I also fixed the Packard “Tropic Aire” heater in the process, since it has to be removed to get the head off. I expect this was a dealer installed item, since every installation seems to be different. Mine has the heater inlet coming from the water neck at the base of the water jacket and through a tube mounted to the manifold side of the head (apparently the tube is a Packard part, the only one I have seen done this way), and the outlet going to a copper “T” fitting with the temperature gauge sending unit at the back left corner of the head. The actual heater has a Packard label on it, and the dash control has a Tropic Aire back plate with a switch that lights a red arrow pointing to “LOW” or “HIGh” positions.

I'll provide some additional photos soon.....

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Re: Light Eight sedan (900-553)

Post by Ozstatman » Thu Jul 09, 2015 9:54 pm


Thanks for filling us in with your detailed story on the Light Eight. Looking forward to seeing the pic's when you post them.
Currently - '50 Packard Eight Touring Sedan
Previously - '41 120 Club Coupe(Sold October 2017) & '38 Eight Touring Sedan(Sold July 2009)
Bowral, Southern Highlands, NSW Australia

"Out of chaos comes order" - Nietzsche.

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Re: Light Eight sedan (900-553)

Post by DrMorbius » Sun Jan 07, 2018 10:26 am

Mark, how's your Light Eight coming? People are interested, you know!


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Re: Light Eight sedan (900-553)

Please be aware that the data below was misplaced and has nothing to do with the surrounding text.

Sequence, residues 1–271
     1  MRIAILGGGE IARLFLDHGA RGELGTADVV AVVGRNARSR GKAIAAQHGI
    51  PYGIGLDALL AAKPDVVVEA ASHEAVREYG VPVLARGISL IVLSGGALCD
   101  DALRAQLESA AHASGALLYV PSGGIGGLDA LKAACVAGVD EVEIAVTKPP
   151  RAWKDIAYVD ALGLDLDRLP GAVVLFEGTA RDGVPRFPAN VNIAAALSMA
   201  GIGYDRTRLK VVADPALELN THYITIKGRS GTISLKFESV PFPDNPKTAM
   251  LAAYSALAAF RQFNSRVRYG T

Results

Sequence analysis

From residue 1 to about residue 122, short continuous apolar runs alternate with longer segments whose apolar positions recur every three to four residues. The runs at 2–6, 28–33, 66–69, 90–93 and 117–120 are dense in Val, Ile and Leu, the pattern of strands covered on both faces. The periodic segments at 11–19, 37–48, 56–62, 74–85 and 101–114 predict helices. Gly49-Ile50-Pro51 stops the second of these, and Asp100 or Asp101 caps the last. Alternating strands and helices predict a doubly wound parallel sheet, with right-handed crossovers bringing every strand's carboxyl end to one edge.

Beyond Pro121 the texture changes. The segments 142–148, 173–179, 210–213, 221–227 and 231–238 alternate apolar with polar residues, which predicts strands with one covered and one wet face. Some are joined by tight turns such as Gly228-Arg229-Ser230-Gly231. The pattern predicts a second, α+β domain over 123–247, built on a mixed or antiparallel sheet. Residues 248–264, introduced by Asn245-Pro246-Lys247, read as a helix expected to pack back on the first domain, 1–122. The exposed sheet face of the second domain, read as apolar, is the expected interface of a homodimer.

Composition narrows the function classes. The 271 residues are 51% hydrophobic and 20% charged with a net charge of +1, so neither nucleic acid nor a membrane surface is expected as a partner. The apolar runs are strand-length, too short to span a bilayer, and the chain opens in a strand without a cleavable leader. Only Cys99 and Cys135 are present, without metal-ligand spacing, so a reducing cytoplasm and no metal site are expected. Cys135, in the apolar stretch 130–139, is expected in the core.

Post by Silvester900 » Tue Apr 10, 2018 7:39 pm

I'm back! I retired a while ago and had not realized my old login was not working due to wrong email. I have now fixed that and can get on the forum now. I haven't had time to do much additional work on "Peanut" since the last entry. However, I did notice some coolant leak to #7 after the repair, probably seepage from the "stitching" repair done many years ago. Working with Steve Babinsky, I added his form of what I call "Stop Leak". That seems to have helped. I will verify after the next oil change I plan to do soon.

I drive her quite a bit, driving her to town nearby whenever I have errands in good weather. However, she needs more choking when cold than she did in the past. I plan to send the carb out for rebuild as soon as I can. I need to find a shop that will rebuild without losing the original patina. I was able to do that for the fuel pump rebuilds, trying to keep her as original as possible. Recommendations on carb rebuild shops are welcomed.

I am also moving at the end of the month to the other side of the river, so it will be a while before I can do significant work on her (want to start the mechanical chassis "rebuild"). But I am getting a larger garage, so that's a plus! One Saturday I also hope to meet Jim Pearsall at Steve's so we can get the my 900 and his 901 side by side for comparison!